If A Tree Fell In A Park, Would It Be Blue?
Torontoist has been acquired by Daily Hive Toronto - Your City. Now. Click here to learn more.

Torontoist

1 Comment

news

If A Tree Fell In A Park, Would It Be Blue?

trinitytree1.jpg
trinitytree2.jpg
Reader Amanda Happé came across this sight yesterday morning: city employees carving up and taking away Trinity-Bellwoods’ much-loved painted blue and white tree trunk (also known as the Universal Love Machine).
Neither felled by nature or protected by nature-lovers, we’ve yet to find out the reason for its removal—though Amanda suggests, and we agree, that it was pretty rotten-looking. Painted tree stumps can only live for so long, ya know. Either way, we’ve sent an e-mail to Friends of Trinity Bellwoods and are hoping they can fill in our blanks. For now, that sculpture of a wolf howling beside it will have to do without its matching tree.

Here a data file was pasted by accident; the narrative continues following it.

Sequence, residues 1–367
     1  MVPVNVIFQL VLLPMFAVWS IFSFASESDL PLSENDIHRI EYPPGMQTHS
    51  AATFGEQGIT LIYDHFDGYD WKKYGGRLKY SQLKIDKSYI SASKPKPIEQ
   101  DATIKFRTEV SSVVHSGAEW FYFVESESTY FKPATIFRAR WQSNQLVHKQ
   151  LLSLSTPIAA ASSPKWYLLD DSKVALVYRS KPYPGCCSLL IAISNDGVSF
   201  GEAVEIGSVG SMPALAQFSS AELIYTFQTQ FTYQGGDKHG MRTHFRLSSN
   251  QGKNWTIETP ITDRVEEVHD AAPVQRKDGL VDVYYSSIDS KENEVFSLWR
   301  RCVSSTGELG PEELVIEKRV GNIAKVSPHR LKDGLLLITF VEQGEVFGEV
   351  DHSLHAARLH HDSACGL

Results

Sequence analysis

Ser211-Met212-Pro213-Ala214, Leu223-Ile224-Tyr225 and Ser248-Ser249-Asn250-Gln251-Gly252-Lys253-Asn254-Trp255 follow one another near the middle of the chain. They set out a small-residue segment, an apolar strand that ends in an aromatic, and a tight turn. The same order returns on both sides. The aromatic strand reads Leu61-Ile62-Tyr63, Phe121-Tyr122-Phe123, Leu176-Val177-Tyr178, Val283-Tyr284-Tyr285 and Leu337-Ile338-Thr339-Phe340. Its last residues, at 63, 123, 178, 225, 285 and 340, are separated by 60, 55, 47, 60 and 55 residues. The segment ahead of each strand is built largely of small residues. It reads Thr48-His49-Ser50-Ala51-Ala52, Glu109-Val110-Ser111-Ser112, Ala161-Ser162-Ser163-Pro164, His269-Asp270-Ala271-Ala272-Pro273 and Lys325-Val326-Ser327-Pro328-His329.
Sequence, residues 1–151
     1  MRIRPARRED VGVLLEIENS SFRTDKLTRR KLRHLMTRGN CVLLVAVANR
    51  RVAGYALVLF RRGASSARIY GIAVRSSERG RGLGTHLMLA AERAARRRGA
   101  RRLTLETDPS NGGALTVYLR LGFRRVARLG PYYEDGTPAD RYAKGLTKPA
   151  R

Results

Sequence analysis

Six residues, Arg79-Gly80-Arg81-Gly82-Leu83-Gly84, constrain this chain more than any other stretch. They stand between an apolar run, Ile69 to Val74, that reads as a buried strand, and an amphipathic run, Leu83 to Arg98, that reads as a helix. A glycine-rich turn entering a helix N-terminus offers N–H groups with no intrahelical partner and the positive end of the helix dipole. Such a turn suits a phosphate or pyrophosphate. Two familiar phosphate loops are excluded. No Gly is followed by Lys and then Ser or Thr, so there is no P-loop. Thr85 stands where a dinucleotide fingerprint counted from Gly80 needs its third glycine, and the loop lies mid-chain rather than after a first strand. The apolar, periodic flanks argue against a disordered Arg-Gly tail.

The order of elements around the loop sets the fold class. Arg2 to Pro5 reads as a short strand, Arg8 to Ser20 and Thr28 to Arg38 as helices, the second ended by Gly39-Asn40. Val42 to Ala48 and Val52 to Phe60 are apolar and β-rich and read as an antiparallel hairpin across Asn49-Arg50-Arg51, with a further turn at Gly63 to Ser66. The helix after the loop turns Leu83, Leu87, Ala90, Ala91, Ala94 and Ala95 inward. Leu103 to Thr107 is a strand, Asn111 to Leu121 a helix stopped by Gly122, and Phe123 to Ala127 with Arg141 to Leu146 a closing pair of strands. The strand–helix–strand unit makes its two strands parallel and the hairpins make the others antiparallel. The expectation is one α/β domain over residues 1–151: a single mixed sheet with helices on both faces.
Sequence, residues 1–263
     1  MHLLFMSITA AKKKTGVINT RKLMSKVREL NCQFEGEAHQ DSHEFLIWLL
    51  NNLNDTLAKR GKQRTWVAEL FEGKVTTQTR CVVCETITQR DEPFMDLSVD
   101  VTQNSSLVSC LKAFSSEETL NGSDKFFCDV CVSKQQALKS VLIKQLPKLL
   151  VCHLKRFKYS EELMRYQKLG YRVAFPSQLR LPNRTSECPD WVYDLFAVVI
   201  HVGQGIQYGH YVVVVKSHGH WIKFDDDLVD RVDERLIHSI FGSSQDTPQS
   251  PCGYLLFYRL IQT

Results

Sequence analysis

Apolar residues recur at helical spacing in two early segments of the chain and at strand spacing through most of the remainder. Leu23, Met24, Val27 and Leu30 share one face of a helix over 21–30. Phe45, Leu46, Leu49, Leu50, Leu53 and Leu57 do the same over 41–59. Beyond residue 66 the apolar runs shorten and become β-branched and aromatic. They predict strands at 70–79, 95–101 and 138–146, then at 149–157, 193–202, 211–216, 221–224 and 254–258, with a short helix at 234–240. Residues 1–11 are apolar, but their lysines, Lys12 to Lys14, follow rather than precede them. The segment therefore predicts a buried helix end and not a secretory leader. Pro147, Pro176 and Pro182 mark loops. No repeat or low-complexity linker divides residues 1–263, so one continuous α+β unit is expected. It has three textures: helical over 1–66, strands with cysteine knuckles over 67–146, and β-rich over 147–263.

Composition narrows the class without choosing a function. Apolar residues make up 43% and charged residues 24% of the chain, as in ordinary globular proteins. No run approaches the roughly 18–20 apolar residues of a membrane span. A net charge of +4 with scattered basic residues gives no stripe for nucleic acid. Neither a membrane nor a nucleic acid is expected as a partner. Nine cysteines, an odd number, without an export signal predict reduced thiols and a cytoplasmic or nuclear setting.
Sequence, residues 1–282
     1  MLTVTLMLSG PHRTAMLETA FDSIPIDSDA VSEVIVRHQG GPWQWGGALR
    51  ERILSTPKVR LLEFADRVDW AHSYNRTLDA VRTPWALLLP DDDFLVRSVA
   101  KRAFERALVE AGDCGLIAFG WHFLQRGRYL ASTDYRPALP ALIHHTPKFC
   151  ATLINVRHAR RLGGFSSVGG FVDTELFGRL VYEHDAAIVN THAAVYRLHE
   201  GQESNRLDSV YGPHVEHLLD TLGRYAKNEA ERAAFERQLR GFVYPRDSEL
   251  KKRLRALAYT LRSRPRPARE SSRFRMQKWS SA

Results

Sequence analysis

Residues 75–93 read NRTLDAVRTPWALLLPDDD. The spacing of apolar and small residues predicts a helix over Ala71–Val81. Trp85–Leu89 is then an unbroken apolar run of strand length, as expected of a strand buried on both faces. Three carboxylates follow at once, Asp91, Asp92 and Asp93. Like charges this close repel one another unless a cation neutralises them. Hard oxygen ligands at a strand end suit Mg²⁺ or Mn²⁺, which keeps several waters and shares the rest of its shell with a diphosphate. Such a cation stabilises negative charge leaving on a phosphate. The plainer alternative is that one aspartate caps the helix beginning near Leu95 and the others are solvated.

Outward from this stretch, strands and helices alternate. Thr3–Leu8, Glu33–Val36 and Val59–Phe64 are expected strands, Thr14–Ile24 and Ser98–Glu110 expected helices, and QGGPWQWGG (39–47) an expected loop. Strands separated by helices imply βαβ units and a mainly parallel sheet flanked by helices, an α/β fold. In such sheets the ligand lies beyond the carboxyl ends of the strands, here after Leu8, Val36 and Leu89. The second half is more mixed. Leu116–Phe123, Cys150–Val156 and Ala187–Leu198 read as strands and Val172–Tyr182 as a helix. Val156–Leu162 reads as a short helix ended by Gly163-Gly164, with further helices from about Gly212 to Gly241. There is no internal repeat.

UPDATE (2:00 p.m.): Spacing Wire has some more details about the tree’s removal:

According to Toronto Tree Tours, the reason behind the tree’s felling is that the tree has become unsafe because of decay at the base of the tree, “a process of disintegration caused by fungi and microorganisms that feed on the dead wood. As the wood is broken down the organic matter falls to the ground and is added to the soil to be taken up anew by growing plants.”

If a tree falls in a forest and you’re the only one around, e-mail us at [email protected].

Comments